4. In which scope the value expressions should be evaluated

The `⋄` was chosen to separate name-value pairs, as it is generally exchangeable with a line break, while `;` though it is used to separate names ― without values ― in headers and in locals lines. Furthermore, it was seen as natural the values would be computed in reading order (left-to-right) just like multiple statements are, and while `⋄` would imply this, `;` wouldn't. Indeed, in the statement `A[B;C]`, expression `C` is evaluated before expression `B`. It was briefly considered to have values computed from the right, just line stranding is, but this was rejected because replacing the semi-colons with line breaks would then require evaluation beginning with the last line and working upwards!

Round parentheses were chosen because namespaces are seen as (unordered) lists, and so are more similar to vectors than higher-rank arrays. Furthermore, `[]` already had meaning (indexing all elements of a vector) while `()` didn't have any existing use, and so could be used to denote a new empty namespace, equivalent to `⎕NS 0⍴⊂''`.

While initially, `←` was seen as the obvious choice to separate the name and the value, it was soon discovered that a namespace with only one member would be indistinguishable from a parenthesised assignment. Furthermore, it was noted that value expressions could contain intermediary assignments, and that such assignments were of a fundamentally different nature from the name-value declaration. The intermediary assignments would happen in a temporary scope, with any created variables disappearing once the namespace member value was established.

Value expressions could be evaluated in the newly established namespace (similar to expressions in `:Namespace` scripts), or in the surrounding scope (similar to inline expressions in JavaScript's object notation). It was envisioned that a main usage of the literal notation would be to collect existing values into a namespace, and evaluating inside the new namespace would force the use of `##.` to fetch values in the surrounding scope. In a departure from JavaScript, it was found most natural that such intermediate assignments be local to the value expression, similar to assignments in dfns. Global assignment is still available using `⎕THIS.name←value`, just as in dfns.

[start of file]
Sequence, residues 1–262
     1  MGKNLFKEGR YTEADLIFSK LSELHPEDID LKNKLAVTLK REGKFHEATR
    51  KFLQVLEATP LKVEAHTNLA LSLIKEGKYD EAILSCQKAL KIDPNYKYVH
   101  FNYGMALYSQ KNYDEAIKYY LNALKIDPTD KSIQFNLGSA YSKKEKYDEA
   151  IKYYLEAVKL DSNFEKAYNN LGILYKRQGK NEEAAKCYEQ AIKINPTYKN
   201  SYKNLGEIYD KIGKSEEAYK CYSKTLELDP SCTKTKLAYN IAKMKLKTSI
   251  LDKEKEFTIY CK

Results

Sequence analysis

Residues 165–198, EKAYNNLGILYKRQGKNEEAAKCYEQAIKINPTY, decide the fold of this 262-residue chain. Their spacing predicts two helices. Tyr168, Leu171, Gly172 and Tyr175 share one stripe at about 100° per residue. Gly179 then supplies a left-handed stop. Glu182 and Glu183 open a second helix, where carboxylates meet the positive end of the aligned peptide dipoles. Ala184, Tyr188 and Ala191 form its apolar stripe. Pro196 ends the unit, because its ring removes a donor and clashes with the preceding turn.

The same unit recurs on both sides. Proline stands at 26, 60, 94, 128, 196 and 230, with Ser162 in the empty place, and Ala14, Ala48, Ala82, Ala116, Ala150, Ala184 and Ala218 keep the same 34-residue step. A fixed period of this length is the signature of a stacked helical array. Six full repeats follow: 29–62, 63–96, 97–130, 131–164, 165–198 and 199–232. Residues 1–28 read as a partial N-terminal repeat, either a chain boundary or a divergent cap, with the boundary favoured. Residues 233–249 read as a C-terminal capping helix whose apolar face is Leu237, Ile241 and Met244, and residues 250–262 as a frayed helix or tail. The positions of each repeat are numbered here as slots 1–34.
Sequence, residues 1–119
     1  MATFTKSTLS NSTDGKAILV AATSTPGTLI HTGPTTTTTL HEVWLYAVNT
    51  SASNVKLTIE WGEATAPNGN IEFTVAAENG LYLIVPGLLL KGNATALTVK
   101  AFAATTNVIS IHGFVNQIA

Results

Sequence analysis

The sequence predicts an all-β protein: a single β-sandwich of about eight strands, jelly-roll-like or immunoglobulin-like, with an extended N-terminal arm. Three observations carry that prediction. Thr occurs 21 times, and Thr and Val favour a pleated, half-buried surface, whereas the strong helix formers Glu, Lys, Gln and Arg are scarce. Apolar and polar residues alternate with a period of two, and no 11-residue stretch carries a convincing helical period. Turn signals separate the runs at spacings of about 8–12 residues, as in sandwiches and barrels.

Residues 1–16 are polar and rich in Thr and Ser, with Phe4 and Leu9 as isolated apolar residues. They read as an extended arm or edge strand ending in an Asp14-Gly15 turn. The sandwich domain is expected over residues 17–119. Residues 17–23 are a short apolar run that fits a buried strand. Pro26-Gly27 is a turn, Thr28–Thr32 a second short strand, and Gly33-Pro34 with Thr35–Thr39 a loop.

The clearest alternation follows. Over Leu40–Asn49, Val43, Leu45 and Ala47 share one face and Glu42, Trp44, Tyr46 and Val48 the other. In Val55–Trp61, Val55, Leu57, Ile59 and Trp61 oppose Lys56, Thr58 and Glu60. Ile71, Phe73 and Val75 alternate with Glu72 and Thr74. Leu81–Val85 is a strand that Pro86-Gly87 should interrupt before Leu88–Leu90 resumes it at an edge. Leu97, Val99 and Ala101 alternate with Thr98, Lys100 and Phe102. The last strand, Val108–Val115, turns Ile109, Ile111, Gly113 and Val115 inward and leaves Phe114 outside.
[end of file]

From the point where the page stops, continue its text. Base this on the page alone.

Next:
## References

1. Cheney, Carl M. APL*PLUS Nested Arrays System (reference manual). 1.1 What are nested arrays? STSC. 1981.
2. Last, Phil. A Notation for APL array Embedding and Serialization. Vector Journal, Volume 26, number 4. British APL Association. 2016.
3. Brudzewsky, Adám Literal Notation for Arrays and Namespaces (slides). Dyalog '17
4. Brudzewsky, Adám. Array Notation Mk III. Dyalog '18.
5. Stack Exchange user dzaima. dzaima/APL. Git commit "`[1 2⋄3 4]`, `⎕AV`,". GitHub.
6. Brudzewsky, Adám. A Notation for APL Arrays. APL-Journal, Volume 2020, number 1-2. APL-Germany e.V. 2020.
7. Adám Brudzewsky. Internal documents. Dyalog Ltd. 30 Jun 2017.
APL syntax 
General Comparison with traditional mathematicsPrecedenceTacit programming (Train, Hook, Split composition)
Array Numeric literalStringStrand notationObject literalArray notation (design considerations)
Function ArgumentFunction valenceDerived functionDerived operatorNiladic functionMonadic functionDyadic functionAmbivalent functionDefined function (traditional)DfnFunction train
Operator OperandOperator valenceTradopDopDerived operator
Assignment MultipleIndexedSelectiveModified
Other Function axisBracket indexingBranchStatement separatorQuad nameSystem commandUser commandKeywordDot notationFunction-operator overloadingControl structure